Interestingly, the relation between midbrain DRD2 availability and reward valuation-related BOLD activity was specific to the left ventral striatum. This left lateralization of striatal responses to reward has been reported across multiple study populations, encompassing individuals with and without pathology (Brody et al., 2004; Juckel et al., 2006; Linnet, Peterson, Doudet, Gjedde, & Moller, 2010; McClure et al., 2003; Menza, Mark, Burn, & Brooks, 1995; Schott et al., 2008; Tomer & Aharon-Peretz, 2004). Although the weight of evidence favors an association between reward function and left striatum, we note that several studies have emphasized the importance of left/right striatal asymmetry in reward responses (Cannon et al., 2009; Tomer, Goldstein, Wang, Wong, & Volkow, 2008; Tomer et al., 2014), and some have shown greater reward-related responses in the right striatum (Martin-Soelch et al., 2011; Tricomi & Lempert, 2015).

An obvious limitation of this study is the small sample size, which negatively impacts statistical power. However, the sample size of this study is comparable or larger than similar multimodal studies employing PET (Monchi, Ko, & Strafella, 2006; Pappata et al., 2002; Zald et al., 2004). Due to the high costs and necessary radiation exposure, the sample sizes of typical PET studies are small relative to studies employing other imaging methods, such as fMRI. A replication of the present results with a larger sample size for greater statistical power would provide additional support for these findings. Another limitation is that PET-[18F]fallypride data were acquired months before fMRI data acquisition. Although the inclusion of this time difference in the analysis did not change the results, this statistical control may not account for all changes in dopamine function during this time that could have altered the relation between DRD2 availability and reward valuation-related fMRI activation. Cognitive performance and associated fMRI activation, particularly in frontostriatal circuitry which is relevant for the current study, have high concordance across one year (Aron, Gluck, & Poldrack, 2006). Published data on the long-term stability of [18F]fallypride binding is lacking at present. However, D2-like receptor availability as measured by [18F]fallypride shows good test–retest reliability across time periods of a month or more and thus appears to provide a reasonably stable index of individual differences in striatal dopamine D2-like function (Mukherjee et al., 2002).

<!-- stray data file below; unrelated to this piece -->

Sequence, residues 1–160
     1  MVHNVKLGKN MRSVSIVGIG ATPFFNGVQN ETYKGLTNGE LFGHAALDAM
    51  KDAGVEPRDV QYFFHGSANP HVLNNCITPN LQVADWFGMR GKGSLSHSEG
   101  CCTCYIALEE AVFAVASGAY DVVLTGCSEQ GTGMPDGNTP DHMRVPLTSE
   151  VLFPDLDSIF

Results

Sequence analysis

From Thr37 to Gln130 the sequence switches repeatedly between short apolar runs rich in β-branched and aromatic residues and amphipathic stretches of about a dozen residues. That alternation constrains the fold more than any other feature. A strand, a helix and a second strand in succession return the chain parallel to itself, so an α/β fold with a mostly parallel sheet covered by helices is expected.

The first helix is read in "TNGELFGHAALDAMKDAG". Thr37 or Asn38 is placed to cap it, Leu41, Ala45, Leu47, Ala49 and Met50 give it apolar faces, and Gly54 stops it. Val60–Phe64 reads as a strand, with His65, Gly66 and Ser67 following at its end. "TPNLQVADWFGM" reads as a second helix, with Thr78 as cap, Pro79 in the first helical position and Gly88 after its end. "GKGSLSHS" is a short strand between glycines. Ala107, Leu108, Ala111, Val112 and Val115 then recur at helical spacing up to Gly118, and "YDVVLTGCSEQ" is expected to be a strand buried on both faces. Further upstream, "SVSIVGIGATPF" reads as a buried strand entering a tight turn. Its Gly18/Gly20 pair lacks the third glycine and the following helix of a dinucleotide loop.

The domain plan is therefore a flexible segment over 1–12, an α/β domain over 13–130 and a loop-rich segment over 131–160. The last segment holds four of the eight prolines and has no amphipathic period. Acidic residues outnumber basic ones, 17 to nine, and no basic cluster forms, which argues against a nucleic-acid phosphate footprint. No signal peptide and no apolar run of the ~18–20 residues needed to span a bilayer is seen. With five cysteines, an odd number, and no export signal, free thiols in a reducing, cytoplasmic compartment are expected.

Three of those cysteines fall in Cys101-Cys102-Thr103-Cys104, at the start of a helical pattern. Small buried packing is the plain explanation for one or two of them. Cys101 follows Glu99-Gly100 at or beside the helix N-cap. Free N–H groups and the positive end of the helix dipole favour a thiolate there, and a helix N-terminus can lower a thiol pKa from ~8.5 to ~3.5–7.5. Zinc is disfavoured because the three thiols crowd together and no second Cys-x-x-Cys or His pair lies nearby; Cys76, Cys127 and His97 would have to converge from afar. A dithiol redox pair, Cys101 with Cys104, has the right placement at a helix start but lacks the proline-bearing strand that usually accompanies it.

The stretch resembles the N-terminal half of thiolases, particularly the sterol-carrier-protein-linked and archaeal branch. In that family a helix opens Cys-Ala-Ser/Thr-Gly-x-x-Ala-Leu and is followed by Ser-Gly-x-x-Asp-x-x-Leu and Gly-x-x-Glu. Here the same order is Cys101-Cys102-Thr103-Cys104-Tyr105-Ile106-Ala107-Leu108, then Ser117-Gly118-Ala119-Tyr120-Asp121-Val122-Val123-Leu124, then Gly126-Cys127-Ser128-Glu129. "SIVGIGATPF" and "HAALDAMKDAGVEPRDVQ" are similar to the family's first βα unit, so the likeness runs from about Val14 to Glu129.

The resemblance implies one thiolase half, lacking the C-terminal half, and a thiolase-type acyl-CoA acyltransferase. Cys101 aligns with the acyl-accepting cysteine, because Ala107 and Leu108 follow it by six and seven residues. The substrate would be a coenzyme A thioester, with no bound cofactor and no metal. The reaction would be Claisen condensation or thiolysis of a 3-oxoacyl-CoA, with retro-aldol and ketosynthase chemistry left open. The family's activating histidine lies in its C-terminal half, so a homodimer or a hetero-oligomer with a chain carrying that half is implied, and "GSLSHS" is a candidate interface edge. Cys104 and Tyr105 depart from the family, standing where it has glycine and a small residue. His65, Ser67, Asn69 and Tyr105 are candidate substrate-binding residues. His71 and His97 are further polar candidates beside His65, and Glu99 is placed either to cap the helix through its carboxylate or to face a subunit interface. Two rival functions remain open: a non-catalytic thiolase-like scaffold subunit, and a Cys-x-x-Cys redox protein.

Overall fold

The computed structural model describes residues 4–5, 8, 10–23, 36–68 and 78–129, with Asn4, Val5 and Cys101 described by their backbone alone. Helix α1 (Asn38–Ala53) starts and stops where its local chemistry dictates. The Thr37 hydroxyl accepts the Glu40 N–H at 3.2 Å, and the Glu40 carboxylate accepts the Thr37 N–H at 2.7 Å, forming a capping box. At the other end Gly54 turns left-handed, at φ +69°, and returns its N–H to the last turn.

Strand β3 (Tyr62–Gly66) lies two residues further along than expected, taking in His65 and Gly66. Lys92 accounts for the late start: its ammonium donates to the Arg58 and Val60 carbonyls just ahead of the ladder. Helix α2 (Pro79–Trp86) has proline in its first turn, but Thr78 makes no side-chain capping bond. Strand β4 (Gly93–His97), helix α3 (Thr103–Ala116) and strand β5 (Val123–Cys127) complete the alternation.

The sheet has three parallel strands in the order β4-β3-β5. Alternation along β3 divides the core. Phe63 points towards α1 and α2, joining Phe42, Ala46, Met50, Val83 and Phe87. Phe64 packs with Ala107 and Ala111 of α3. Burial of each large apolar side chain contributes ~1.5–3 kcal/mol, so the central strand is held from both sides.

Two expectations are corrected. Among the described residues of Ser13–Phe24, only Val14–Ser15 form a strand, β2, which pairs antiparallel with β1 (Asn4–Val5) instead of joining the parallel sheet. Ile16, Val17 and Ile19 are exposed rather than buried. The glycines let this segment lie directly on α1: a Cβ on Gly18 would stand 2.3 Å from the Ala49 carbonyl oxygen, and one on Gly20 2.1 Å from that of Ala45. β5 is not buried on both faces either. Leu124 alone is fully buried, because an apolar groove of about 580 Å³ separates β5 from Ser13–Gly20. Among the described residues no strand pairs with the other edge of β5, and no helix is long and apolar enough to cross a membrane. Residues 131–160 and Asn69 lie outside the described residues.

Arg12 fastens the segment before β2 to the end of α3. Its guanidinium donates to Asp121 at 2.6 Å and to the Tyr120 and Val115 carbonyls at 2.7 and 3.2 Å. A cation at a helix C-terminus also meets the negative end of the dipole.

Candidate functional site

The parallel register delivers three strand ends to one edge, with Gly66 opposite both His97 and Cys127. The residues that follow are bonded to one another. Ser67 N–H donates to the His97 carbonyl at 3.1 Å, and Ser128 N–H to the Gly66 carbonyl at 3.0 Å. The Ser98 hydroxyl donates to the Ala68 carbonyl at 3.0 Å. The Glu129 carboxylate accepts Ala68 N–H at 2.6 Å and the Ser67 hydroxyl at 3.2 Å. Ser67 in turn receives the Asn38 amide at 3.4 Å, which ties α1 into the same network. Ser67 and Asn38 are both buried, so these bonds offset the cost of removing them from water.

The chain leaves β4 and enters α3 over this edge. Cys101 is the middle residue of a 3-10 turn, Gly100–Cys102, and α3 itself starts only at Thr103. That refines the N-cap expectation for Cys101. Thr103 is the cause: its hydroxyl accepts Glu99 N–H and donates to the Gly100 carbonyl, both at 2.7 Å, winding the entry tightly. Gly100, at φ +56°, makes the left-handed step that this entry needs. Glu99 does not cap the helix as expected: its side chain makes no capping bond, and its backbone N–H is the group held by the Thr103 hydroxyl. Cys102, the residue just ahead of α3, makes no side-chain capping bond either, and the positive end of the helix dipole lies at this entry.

In summary, this study provides in vivo evidence for a relationship between DRD2 availability and reward valuation-related BOLD activity in humans. The findings should contribute to a better understanding of the neurobiological influences on decision-making, in terms of both everyday choices among healthy individuals and abnormalities of reward valuation in psychopathology.



This work was supported by the National Institute on Aging (R01AG044838 to DHZ, R00AG042596 to G.R.S.L.), the National Institute on Drug Abuse (F32DA036979 to L.C.D.), and the Vanderbilt Institute for Clinical and Translational Research which receives funding from the National Center for Advancing Translational Sciences. Funding institutes were not involved in the collection, analysis and interpretation of data, in the writing of the report, and in the decision to submit the article for publication.

Compliance with ethical standards

Conflict of interest



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Copyright information

© Psychonomic Society, Inc. 2018

Authors and Affiliations

  • Linh C. Dang
    • 1
    Email author
  • Gregory R. Samanez-Larkin
    • 2
  • Jaime J. Castrellon
    • 2
  • Scott F. Perkins
    • 1
  • Ronald L. Cowan
    • 3
    • 4
  • David H. Zald
    • 1
    • 3
  1. 1.Department of PsychologyVanderbilt UniversityNashvilleUSA
  2. 2.Department of Psychology and NeuroscienceDuke UniversityDurhamUSA
  3. 3.Department of Psychiatry and Behavioral SciencesVanderbilt University School of MedicineNashvilleUSA
  4. 4.Department of Radiology and Radiological SciencesVanderbilt University Medical CenterNashvilleUSA